Air raid sirens sounded shortly after 10 am on Thursday in the Eshkol Regional Council after a rocket appeared to have been fired towards the region from Gaza. Witnesses said that they saw the rocket exploding in a Palestinian territory. Security services said it was a false alarm.
The incident followed a relatively quiet night in Israel's south. The final Color Red alert sounded in the Shaar Hanegev Regional Council at 22:58, two hours after the ceasefire between Israel and the factions in Gaza went into effect.
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The IDF said that of the 13 projectiles that were fired from Gaza after 9 pm on Wednesday, ten failed to reach Israel, exploding in Palestinian territories instead. The army said Hamas and the Islamic Jihad intended to hold fire and to enforce the truce among the smaller factions across the Strip.
Schools in the south remained closed on Thursday as residents expressed hope the lull will be a long-lasting one.
The authorities in Gaza branded November 22 as a national holiday meant to celebrate the Palestinian groups' "victory." Residents were asked to visit those who were wounded and families of prisoners, and to underscore national unity.
Sources in the IDF said Thursday that Hamas operatives used the morning to come out of their hiding places and begin to estimate the damage that was caused during the operation. Despite the destruction, the army said that the celebrations in Gaza will persist. The IDF's central and south commands braced for "a day of rage" in Gaza, Jerusalem and the West Bank on Friday, particularly after the day's prayers.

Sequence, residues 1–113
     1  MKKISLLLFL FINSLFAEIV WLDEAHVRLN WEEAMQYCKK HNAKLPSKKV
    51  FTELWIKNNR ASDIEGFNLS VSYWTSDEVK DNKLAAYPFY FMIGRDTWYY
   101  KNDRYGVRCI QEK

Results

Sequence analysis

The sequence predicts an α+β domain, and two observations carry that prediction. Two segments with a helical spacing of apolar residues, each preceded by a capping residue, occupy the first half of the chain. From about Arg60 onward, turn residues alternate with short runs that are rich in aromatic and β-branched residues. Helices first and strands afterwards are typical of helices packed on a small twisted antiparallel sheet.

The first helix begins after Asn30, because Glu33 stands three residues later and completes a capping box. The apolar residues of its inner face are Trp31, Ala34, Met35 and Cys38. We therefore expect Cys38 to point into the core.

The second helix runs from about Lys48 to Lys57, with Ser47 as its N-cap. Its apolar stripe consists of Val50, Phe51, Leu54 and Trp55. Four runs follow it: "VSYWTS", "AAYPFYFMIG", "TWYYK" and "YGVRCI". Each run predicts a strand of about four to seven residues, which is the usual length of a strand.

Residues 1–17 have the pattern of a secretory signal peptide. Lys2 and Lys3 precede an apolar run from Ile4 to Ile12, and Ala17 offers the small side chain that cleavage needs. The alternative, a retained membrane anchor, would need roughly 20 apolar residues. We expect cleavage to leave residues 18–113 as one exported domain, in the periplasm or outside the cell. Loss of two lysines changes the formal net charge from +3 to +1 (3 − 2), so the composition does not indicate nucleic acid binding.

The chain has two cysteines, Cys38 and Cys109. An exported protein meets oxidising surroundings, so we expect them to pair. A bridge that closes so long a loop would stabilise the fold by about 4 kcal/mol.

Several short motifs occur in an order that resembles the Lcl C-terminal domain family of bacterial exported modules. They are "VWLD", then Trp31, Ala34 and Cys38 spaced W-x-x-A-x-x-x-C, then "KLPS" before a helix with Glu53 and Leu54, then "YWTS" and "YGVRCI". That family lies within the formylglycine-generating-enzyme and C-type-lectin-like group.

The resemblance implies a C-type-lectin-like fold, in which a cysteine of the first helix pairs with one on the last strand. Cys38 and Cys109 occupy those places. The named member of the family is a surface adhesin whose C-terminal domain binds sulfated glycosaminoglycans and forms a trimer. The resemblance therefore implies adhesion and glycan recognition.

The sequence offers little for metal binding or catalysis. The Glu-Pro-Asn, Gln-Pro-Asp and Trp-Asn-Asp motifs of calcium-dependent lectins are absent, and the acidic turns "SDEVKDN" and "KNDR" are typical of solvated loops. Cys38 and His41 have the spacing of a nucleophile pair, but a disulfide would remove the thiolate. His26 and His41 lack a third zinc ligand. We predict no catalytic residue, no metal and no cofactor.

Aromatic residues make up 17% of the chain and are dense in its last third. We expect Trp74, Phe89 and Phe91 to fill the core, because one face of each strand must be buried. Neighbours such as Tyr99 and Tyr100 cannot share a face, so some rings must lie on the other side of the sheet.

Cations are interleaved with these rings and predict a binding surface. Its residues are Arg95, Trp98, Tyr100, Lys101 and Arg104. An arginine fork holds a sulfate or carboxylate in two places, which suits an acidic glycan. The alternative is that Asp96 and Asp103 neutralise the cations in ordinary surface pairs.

Dozens of IDF units will remain in the Gaza region for at least 24 hours in order to indentify and shoot down possible rocket-launching acitivity. Under the terms of the truce, the army is to respond to any hostile acitivity without delay. Sources said that the policy regarding preemptive strikes meant to thwart attacks has yet to be decided on.
The army is to gradually begin to disperse the combat forces deployed in the region. Regular army activity resumed Thursday. IDF Chief of Staff Lt.-Gen. Benny Gantz instructed the Home Front Command to aid towns that were damaged by rocket fire.
The IDF started to discharge reserve troops that were called up for the operation on Thursday, and the process is expected to last until the end of the week. The IDF has drafted over 50,000 reserve troops, most of which were not activated due to the government's decision not to mount a ground operation in Gaza.
"Some of us are disappointed, while others trust the leadership's decision," said a commander of a reserve unit that was brought in on Friday."
He said that while none of the reserve troops yearned to fight, if rocket fire continues to target the south, the operation "will have been for naught."
More than 1,500 rockets were fired from Gaza since the beginning of Operation Pillar of Defense. Some 875 of the rockets exploded in open areas, and 58 hit urban regions. The Iron Dome intercepted 421 of the projectiles, while 152 exploded in Palestinian territories. Five Israelis – four civilians and a soldier – were killed by the rockets. Hospitals in the south and the center of the country treated some 500 wounded individuals. The IDF, meanwhile, struck over 1,500 terror targets in the Strip.
Yoav Zitun contributed to the report
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